Data resilience

You can use a number of technologies to address the data resilience requirements described in the “Benefits of High Availability” section. Described below are the five key multisystem data resilience technologies. Keep in mind that multiple technologies can be used in combination to further strengthen your data resiliency.

Logical replication

Start of changeLogical replication is a widely deployed multisystem data resiliency topology for high availability (HA) in the IBM® i space. It is typically deployed through a product provided either by IBM or a high availability independent software vendor (ISV). Replication is run (through software methods) on objects. Changes to the objects (for example file, member, data area, or program) are replicated to a backup copy. The replication is near or in real time (synchronous remote journaling) for all journaled objects. Typically if the object such as a file is journaled, replication is handled at a record level. For such objects as user spaces that are not journaled, replication is handled typically at the object level. In this case, the entire object is replicated after each set of changes to the object is complete.End of change

Most logical replication solutions allow for additional features beyond object replication. For example, you can achieve additional auditing capabilities, observe the replication status in real time, automatically add newly created objects to those being replicated, and replicate only a subset of objects in a given library or directory.

Start of changeTo build an efficient and reliable multisystem HA solution using logical replication, synchronous remote journaling as a transport mechanism is preferable. With remote journaling, IBM i continuously moves the newly arriving data in the journal receiver to the backup server journal receiver. At this point, a software solution is employed to “replay” these journal updates, placing them into the object on the backup server. After this environment is established, there are two separate yet identical objects, one on the primary server and one on the backup server.End of change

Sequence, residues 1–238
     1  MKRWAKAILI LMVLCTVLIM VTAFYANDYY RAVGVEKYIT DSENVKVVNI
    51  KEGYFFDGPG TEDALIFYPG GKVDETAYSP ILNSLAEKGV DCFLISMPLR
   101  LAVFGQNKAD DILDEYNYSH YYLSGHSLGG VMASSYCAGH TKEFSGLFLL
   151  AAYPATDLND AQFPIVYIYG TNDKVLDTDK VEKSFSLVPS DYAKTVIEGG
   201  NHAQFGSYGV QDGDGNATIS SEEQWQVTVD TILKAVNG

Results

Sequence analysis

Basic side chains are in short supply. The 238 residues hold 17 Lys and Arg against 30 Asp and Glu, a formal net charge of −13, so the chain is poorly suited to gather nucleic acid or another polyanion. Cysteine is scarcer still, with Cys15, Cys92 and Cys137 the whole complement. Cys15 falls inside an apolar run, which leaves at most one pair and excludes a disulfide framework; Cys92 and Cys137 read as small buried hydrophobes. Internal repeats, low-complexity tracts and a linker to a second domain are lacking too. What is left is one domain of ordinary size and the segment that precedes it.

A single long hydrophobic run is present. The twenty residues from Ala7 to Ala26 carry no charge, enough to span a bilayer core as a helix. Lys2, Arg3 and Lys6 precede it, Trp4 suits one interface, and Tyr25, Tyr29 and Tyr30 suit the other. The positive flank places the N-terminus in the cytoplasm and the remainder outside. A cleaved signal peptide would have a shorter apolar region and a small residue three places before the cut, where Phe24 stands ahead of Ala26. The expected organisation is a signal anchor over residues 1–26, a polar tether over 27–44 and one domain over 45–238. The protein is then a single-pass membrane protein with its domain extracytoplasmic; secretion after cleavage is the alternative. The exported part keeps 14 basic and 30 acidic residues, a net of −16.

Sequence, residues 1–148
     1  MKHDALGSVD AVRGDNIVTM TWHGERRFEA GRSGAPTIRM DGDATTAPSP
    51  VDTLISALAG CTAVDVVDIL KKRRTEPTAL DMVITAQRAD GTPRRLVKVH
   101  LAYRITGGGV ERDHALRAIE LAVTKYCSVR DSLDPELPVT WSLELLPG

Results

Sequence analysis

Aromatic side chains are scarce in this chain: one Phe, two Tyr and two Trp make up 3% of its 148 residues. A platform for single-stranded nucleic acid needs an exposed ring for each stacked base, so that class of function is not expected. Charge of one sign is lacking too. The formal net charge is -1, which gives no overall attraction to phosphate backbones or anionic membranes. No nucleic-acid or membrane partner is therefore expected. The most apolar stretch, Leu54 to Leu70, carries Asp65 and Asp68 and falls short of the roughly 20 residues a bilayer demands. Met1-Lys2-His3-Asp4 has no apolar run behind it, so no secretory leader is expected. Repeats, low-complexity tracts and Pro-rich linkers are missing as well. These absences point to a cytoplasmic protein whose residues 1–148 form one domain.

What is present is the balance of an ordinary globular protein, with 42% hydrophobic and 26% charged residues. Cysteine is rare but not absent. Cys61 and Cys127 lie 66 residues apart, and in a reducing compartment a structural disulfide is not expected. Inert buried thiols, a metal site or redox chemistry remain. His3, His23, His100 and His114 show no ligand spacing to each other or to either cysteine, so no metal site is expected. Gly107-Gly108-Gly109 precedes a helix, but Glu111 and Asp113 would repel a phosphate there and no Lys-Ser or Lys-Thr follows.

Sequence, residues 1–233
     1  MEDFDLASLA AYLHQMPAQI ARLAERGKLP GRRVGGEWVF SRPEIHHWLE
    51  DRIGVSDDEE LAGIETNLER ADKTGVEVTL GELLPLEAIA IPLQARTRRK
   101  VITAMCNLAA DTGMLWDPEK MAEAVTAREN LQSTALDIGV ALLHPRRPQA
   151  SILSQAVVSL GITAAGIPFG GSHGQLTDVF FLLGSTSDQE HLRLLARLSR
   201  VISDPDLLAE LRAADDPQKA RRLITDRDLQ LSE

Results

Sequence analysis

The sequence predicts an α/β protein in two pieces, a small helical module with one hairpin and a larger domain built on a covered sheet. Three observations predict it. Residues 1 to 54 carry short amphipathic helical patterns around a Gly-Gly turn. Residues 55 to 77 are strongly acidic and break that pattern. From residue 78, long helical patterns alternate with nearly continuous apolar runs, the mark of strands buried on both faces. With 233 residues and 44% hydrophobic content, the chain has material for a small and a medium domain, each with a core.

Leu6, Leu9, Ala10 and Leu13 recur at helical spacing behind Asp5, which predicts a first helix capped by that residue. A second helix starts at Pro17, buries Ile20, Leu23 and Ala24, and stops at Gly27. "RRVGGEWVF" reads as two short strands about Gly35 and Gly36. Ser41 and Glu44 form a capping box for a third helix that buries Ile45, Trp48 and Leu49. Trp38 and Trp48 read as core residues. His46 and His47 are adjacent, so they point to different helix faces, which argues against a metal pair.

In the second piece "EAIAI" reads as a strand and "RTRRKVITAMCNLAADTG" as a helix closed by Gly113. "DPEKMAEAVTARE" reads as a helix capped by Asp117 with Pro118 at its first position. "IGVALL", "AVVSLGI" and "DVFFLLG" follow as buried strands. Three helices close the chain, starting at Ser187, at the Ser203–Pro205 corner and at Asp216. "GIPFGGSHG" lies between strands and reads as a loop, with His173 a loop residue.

With this solution in place, you can rapidly activate your production environment on the backup server by doing a role-swap operation. The figure below illustrates the basic mechanics in a logical replication environment.

Start of changeA key advantage of this solution category is that the backup database file is live. That is, it can be accessed in real time for backup operations or for other read-only application types such as building reports. In addition, that normally means minimal recovery is needed when switching over to the backup copy.End of change

Start of changeThe challenge with this solution category is the complexity that can be involved with setting up and maintaining the environment. One of the fundamental challenges lies in not strictly policing undisciplined modification of the live copies of objects residing on the backup server. Failure to properly enforce such a discipline can lead to instances in which users and programmers make changes against the live copy so that it no longer matches the production copy. If this happens, the primary and the backup versions of your files are no longer identical. End of change

Another challenge associated with this approach is that objects that are not journaled must go through a check point, be saved, and then sent separately to the backup server. Therefore, the granularity of the real-time nature of the process may be limited to the granularity of the largest object being replicated for a given operation.

Start of changeFor example, a program updates a record residing within a journaled file. As part of the same operation, it also updates an object, such as a user space, that is not journaled. The backup copy becomes completely consistent when the user space is entirely replicated to the backup system. Practically speaking, if the primary system fails, and the user space object is not yet fully replicated, a manual recovery process is required to reconcile the state of the non-journaled user space to match the last valid operation whose data was completely replicated.End of change